The Black Prince lead actor Satinder Sartaaj may have been the first turbaned Sikh to grace the red carpet of the Cannes Film Festival.
“Honored to be the first turbaned Sikh to walk the #RedCarpet,” he shared in a Facebook posting on 21 May 2017.
“The Black Prince” movie opens tomorrow in Los Angeles and other places.
In a promotional synopsis, the movie has been described as a tragic, yet fascinating true story about the last King of the mighty Kingdom of Punjab, Maharaja Duleep Singh.
The King, Maharaja Duleep Singh, was placed on the throne at the age of five only to be robbed of his throne by a bloody treason at the hands of trusted courtiers.
He was then torn from his mother and taken to England by the British at age fifteen. While in England, he was introduced to Queen Victoria, who took an immediate liking to him, calling him “The Black Prince”. He was indoctrinated into Christianity and baptized, changing his life forever, the synopsis added.
Meeting his mother again after thirteen years, the Maharaja awakens to the realities of his former life in Punjab. He then begins the arduous journey to regain all that was lost and re-embrace the faith of his birth, Sikhism.
Torn between his two worlds, The Black Prince begins a lifelong struggle to regain his Kingdom. It takes him on an extraordinary journey across the world.
In an article in the LA Times, Shashank Bengali writes that the Duleep became the ruler of the Sikh kingdom, had the throne stolen from him, was separated from his mother, had his face spattered with the blood of a slain uncle and was carted off to become an aristocrat in Queen Victoria’s Britain — all before his 16th birthday.
The life of Maharajah Duleep Singh never lacked for drama. Now a feature film brings to life this little-known chapter of Indian colonial history.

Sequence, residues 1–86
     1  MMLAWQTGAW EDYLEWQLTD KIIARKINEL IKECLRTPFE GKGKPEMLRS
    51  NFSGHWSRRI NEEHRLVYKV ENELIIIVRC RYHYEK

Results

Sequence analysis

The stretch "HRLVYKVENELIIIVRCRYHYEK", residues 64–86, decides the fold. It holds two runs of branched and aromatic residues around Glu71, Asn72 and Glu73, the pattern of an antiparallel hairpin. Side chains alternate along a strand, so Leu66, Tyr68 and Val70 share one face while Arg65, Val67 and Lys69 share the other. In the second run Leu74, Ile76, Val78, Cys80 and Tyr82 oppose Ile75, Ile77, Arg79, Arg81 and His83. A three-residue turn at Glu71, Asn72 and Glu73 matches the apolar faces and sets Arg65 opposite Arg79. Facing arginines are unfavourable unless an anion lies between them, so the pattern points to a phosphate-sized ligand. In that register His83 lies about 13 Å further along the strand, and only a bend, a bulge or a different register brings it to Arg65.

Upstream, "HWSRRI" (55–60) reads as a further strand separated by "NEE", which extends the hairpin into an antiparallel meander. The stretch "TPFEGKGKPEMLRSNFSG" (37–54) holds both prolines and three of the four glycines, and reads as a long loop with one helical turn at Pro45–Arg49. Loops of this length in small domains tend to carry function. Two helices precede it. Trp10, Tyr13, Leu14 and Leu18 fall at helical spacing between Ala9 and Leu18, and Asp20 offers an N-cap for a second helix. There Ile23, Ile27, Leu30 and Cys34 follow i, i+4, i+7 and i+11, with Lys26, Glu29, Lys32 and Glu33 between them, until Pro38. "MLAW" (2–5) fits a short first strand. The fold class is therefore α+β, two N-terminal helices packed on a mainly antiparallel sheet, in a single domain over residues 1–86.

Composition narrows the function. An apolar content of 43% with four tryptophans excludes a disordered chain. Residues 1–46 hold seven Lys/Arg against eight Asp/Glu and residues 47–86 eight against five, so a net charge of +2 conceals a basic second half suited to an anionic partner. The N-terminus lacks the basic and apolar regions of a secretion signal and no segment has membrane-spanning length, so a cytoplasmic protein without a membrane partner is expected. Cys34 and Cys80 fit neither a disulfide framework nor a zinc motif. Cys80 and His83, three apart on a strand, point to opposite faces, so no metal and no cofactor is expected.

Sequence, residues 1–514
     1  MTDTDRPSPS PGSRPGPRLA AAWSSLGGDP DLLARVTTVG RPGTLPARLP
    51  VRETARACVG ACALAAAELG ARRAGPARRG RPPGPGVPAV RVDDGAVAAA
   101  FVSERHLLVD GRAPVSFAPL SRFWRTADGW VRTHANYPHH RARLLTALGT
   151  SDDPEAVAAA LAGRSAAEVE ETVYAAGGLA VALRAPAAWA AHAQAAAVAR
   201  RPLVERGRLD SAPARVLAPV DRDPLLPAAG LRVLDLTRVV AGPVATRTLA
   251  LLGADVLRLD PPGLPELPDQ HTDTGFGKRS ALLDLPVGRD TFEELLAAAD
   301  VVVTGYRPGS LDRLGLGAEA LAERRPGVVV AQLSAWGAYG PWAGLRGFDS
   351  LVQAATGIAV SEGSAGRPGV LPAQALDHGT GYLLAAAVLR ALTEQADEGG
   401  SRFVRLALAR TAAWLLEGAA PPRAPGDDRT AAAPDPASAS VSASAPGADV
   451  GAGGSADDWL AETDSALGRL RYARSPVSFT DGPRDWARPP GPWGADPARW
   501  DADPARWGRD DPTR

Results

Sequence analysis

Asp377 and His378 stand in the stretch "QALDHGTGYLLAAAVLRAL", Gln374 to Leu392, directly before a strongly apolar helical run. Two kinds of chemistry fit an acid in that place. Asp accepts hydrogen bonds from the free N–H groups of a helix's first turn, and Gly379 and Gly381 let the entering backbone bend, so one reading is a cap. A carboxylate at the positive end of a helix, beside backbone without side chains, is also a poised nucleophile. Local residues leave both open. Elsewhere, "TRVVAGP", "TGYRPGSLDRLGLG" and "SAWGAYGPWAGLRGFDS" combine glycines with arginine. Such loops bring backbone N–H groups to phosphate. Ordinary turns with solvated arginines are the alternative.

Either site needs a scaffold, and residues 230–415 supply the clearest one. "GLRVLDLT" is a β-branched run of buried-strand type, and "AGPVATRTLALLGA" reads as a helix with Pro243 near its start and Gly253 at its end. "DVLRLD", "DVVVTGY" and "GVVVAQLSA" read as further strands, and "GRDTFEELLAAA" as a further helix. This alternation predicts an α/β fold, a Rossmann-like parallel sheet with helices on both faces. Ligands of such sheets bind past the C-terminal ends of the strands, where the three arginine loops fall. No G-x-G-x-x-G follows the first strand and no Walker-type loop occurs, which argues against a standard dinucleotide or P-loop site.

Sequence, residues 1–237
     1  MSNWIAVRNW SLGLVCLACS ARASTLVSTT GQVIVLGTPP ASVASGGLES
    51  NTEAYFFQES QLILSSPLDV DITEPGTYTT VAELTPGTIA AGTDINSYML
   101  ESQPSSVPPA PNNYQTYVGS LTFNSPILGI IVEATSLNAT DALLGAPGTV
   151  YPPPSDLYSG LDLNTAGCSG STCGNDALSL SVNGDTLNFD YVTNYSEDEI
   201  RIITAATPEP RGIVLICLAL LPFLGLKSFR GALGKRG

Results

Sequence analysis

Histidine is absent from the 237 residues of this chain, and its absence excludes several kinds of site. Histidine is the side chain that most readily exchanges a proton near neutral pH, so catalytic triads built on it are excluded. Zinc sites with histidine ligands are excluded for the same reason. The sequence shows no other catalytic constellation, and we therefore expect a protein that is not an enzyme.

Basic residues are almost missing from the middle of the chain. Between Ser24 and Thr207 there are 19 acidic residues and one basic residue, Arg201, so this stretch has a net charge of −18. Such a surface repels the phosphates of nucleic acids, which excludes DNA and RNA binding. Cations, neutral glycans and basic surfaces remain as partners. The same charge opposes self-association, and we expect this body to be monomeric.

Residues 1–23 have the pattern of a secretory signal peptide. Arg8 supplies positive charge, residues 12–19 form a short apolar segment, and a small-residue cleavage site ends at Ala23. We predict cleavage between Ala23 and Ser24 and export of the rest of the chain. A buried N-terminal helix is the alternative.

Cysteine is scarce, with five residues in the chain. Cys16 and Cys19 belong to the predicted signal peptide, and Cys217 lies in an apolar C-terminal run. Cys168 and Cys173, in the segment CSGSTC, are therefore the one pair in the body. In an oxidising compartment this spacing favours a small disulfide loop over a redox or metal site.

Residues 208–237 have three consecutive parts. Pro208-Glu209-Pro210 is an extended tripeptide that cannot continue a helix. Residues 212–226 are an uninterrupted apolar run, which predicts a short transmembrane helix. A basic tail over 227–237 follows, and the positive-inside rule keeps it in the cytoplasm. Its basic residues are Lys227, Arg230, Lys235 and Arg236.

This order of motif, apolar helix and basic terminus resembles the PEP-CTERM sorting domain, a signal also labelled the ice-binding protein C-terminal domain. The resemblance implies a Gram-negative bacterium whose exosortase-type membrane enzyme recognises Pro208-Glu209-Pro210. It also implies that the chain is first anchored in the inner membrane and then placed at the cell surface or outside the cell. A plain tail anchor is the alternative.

The movie tells the story of Singh, the last king and a tragic hero of the once-prosperous Sikh kingdom that spread across the fertile northern plains of India’s Punjab until British soldiers annexed the territory following two wars in the mid-19th century.
Singh — like the famed Koh-i-noor diamond that the British also seized from the kingdom — became a spoil of war. He was molded into a proper English gentleman, made to renounce his Sikh faith and baptized a Christian, and taught to shoot a hunting rifle — although he always wore a turban.
He became an exotic favorite in the court of Victoria, who nicknamed him “the black prince.” But as he attempted to recapture his identity, he reconverted to Sikhism and struggled to return to India before dying in poverty in Paris in 1893 at age 55.
“The Black Prince” also features Shabana Azmi, a well-known Indian actress, in the role of the exiled king’s mother, who was reunited with him in Britain after 13 years. In the film, her brief, fiery encounters with Victoria (played by Amanda Root) emphasise the plunder that marked British colonial rule, he writes.
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